I have an obsession with my bookshelves.
Sometimes I will just stand there, staring at my books, and this feeling of fondness rises up in me, not unlike the way I feel when I sneak into my kids’ rooms at night and watch them sleep. Staring down at my children I marvel at how they are kept alive by such a small passageway, and that this invisible air slips in and out and kindles the life in them.
I think the same thing when I look at my books – such small breaths by people I will never meet, and yet they managed to exhale things like “East of Eden” or “A Prayer For Owen Meany.” Such monumental ventilation.
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I pull random books and stare at the covers, remember when I first read them, how they impacted me. Like old friends.
I am doomed to remember a boy with wrecked voice – not because of his voice, or because he was the smallest person I ever knew, or even because he was the instrument of my mother’s death, but because he is the reason I believe in God; I am a Christian because of Owen Meany.
Read that one as a freshman at Messiah College, eyes wide open, taking in the world. Like a satellite that ventures outside of the Solar System, I was amazed at the breadth and depth of the universe outside of Lancaster County, where I grew up.
I just try to warn people who hope to get published that publication is not all that it is cracked up to be. But writing is. Writing has so much to give, so much to teach, so many surprises.
Thank you Anne Lamott. The inscription inside the front cover reads, “To Shawn: For his 21st Birthday. From: Jason McCarty.” One of the best gifts I ever received.
And for us this is the end of all the stories, and we can most truly say that they all lived happily ever after. But for them it was only the beginning of the real story. All their life in this world and all their adventures in Narnia had only been the cover and the title page: now at last they were beginning Chapter One of the Great Story, which no one on earth has read: which goes on for ever: in which every chapter is better than the one before.
My wife is not sure what to do with that last passage, because, while she also loves the imagery, it is a story that makes me eager to die.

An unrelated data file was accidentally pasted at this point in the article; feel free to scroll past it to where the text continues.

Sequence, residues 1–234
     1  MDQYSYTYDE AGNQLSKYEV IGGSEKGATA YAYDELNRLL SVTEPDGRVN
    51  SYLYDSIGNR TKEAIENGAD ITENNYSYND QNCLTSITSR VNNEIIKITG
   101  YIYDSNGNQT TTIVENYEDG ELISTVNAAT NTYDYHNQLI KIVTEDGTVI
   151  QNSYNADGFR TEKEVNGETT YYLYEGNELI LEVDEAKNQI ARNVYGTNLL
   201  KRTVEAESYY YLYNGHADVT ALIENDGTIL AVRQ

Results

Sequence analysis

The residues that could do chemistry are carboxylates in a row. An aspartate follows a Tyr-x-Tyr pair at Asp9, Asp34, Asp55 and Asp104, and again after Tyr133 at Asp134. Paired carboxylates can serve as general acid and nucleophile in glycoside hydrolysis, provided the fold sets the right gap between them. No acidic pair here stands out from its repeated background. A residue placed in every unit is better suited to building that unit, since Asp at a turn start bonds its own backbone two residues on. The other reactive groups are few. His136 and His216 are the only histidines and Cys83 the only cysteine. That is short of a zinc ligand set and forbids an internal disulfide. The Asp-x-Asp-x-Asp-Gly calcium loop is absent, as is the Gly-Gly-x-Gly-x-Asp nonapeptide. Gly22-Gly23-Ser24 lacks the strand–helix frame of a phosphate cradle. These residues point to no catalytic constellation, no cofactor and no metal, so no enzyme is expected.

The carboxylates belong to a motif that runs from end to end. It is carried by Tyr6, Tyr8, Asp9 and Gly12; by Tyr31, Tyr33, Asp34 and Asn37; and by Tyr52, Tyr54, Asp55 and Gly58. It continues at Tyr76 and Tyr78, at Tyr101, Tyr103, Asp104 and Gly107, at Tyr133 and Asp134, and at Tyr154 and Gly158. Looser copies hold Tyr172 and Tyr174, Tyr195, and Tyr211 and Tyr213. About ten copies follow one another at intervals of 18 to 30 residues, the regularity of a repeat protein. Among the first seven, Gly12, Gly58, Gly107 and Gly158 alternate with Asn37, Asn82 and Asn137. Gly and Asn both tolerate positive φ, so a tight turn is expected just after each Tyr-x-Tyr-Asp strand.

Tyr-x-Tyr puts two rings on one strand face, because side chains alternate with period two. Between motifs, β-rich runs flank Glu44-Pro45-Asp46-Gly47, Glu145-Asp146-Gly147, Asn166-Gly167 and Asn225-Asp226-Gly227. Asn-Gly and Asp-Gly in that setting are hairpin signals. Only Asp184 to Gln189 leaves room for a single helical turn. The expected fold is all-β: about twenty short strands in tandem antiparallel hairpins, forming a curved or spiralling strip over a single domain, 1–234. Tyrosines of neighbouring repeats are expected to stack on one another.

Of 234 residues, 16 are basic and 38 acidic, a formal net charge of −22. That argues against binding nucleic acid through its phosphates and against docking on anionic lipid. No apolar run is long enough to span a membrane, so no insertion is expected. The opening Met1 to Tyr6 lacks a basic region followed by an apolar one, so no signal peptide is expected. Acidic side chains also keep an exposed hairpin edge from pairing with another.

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My bookshelves also lend me a semblance of control. I like to place at least one of Anne Lamott’s books right beside Dobson’s book “Bringing Up Boys.” I like this. It makes me smile.
I’ve thought about putting “Imaginary Jesus,” “Evolving in Monkeytown,” “Blue Like Jazz,” and “Love Wins” together, because I think Mikalatos, Evans, Miller and Bell would make for one of the best dinner parties ever.
Then there’s the upper shelf – Fitzgerald, Steinbeck, Hemingway, Percy, McCarthy and Stegner…my golden age of American Literature.
What are your favorite books? Your favorite quotes? What does the way you arrange your books have to say about you?
21 Replies to “Exhaling Words: An Obsession With Books”
I read A Prayer for Owen Meany in Belfast, Northern Ireland. Took it with me to read during my self-directed practicum I stubbornly hammered through the Biblical Studies department that didn’t quite know what to do with me (but loved me nonetheless). I will always remember laughing through the destruction of Dr. Dolder’s VW while sitting on a couch in an underheated living room in the Falls. I’ve given away half a dozen copies of that book.
Its funny how some books aren’t just ‘favorites’, they seem to meld seamlessly with our own language, our own memories. There are some books I will always own for that reason.
Well said. I will always think of Owen as a childhood friend.
Shawn, I think we were seperated at birth. You’re singing my song here. My house revolves around books. Rooms have been rearranged based on the need for adequate shelf space. I can pass a full afternoon sitting on the floor in my home library poring over favorites books or looking for that one favorite line from that one Salinger story. I live in words, and I work in books. It’s what led me to be a used book dealer, and what will hopefully make it possible for me to do so full time in the next year.